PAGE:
Can You Fly With Cremated Remains On Alaska Airlines?


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There are many airlines with different regulations regarding cremated remains, but with Alaska Airlines, you are able to fly with cremated remains. While the company does not have a clearly stated policy about it on their company website, it is worth calling customer service prior to heading to the airport to receive proper guidance.

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It will also help to request to have a copy of your conversation be emailed to you at the end to make sure you have proof that those specific guidelines were given to you by a representative of the company.

Aside from consulting with Alaskan Airlines, make sure you consult with the Transportation Security Administration to travel with cremains without issue. 

As families are now spread out across longer distances, it is not unexpected that you may need to fly with your loved one's cremains. If you’re curious about how to travel with an urn containing the remains of a loved one, here's what we learned from Alaska Airlines representatives.  

Alaska Airlines' Cremated Remains Policy 

Both human and pet remains are allowed on Alaska Airlines. The airline understands that you may be traveling with cremains to scatter your loved one's ashes in a preferred location. They also understand that your loved one may have died away from home, and you may be flying the remains home for the funeral.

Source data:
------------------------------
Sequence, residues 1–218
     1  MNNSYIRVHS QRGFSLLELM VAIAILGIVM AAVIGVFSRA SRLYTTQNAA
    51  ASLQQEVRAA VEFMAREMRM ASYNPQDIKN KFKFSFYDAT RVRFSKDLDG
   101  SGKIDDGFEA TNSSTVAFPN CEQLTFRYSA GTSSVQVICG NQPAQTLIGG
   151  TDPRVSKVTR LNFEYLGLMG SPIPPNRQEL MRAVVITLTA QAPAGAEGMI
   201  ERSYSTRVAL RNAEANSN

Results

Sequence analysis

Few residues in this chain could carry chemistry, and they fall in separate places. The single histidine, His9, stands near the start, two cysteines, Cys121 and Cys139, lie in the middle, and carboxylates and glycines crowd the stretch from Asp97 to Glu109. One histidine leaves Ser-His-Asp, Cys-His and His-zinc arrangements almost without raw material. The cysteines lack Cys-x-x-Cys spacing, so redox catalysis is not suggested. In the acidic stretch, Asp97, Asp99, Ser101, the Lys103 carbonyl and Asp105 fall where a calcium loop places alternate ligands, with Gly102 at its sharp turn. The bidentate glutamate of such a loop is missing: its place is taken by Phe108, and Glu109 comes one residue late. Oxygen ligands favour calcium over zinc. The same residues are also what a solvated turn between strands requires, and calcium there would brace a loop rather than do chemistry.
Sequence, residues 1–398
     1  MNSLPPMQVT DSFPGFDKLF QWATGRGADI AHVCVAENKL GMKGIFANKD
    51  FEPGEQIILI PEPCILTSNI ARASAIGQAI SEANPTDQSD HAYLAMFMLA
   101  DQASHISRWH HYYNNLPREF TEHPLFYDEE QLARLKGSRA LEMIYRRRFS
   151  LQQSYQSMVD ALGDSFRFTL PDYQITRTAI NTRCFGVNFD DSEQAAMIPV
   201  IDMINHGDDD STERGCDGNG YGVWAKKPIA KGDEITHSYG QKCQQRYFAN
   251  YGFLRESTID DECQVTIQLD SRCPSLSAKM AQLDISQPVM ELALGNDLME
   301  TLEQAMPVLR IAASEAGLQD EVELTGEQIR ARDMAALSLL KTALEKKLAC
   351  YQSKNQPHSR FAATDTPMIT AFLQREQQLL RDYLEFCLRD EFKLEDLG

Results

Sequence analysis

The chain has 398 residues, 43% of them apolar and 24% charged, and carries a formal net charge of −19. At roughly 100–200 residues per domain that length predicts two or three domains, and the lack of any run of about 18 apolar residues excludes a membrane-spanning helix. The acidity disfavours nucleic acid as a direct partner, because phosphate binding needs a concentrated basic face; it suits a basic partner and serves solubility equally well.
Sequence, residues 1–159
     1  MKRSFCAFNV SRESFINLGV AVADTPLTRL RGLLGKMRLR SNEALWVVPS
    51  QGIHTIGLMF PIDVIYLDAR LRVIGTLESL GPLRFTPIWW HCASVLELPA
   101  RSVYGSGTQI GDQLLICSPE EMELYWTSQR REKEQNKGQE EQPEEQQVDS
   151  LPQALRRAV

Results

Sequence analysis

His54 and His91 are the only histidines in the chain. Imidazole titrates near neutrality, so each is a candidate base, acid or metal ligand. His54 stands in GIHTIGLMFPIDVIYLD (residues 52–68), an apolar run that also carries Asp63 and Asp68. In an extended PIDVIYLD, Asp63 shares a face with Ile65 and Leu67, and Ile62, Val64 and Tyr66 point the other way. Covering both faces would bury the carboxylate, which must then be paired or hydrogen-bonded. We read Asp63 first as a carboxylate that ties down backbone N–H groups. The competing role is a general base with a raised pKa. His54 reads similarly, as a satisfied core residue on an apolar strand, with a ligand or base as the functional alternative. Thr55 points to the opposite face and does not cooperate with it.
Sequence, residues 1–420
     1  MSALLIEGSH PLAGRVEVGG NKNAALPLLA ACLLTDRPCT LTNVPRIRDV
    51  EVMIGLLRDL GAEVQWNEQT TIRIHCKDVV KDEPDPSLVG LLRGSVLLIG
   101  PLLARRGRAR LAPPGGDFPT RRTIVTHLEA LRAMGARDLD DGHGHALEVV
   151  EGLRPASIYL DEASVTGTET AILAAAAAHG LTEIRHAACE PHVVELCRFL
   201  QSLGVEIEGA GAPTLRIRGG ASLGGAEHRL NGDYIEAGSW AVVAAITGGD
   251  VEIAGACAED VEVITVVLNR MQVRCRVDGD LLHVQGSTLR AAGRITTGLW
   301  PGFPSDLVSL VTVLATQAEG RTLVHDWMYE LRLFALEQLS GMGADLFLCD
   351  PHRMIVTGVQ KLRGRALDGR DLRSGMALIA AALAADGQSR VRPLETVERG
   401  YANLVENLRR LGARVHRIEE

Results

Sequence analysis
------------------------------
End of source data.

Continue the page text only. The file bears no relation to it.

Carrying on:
Regardless of your reasons for flying with cremains, take care to read and understand the airline's policy before you head to the airport. 

» MORE: An online memorial is a perfect ending to honor and celebrate someone's life. Create one for free.

General rules

Here are the general policies that we learned about bringing cremains on Alaska Airlines flights. The TSA will screen the cremains (inside the urn) at the security checkpoint. It is recommended that you use a TSA-approved urn, so that the screening machines will easily see the contents of the container.

If the urn is made of a material that prevents the TSA from clearly seeing the contents, the container will not be allowed through security. This means that the container must travel as checked baggage, so you won't have access to it during the flight.

With this being said, if the container does not clear the x-ray machine by the TSA, it may not clear the x-ray machine that looks at checked baggage. If the container does not clear as checked baggage, it won't be allowed on the flight.

Most crematoriums use a standard container when returning the cremains to the family. First, the staff first puts the ashes inside a durable plastic bag, and is sealed and placed inside a sturdy cardboard container. If you know that you will be flying with the cremains, make sure the crematorium staff knows. They may be able to secure the package to make it safer for travel.

The most important thing to remember is that the urn should be a leak-proof container. Having the cremains first placed inside a plastic bag before being put in the urn will ensure this.

No documentation is needed to travel with cremains. This is a change of the original policy, as the airline used to require that cremains were accompanied with death certificates or a document from the crematorium. However, even if the airline does not require that you bring paperwork, it is always better to be safe than sorry if someone asks.

If the TSA agent clears the item for on-board travel, know that Alaska Airlines will count this as one carry-on. Please plan accordingly and check other bags if you want to have the cremains stay with you during the flight. 

Like all other carry-on bags, the urn must be able to be placed in either the overhead compartment or under the seat during takeoff and landing. Urns that do not fit in either location must be checked, as you are not allowed to hold bags in your lap either time.